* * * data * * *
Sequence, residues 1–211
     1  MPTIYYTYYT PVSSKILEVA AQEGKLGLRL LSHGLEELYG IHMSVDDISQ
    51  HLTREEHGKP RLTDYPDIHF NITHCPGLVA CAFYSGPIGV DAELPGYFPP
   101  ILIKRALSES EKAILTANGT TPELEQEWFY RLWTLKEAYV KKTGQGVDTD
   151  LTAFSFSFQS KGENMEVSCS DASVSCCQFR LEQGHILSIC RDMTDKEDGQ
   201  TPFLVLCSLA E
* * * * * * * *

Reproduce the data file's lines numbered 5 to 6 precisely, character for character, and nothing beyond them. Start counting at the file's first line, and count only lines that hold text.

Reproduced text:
   151  LTAFSFSFQS KGENMEVSCS DASVSCCQFR LEQGHILSIC RDMTDKEDGQ
   201  TPFLVLCSLA E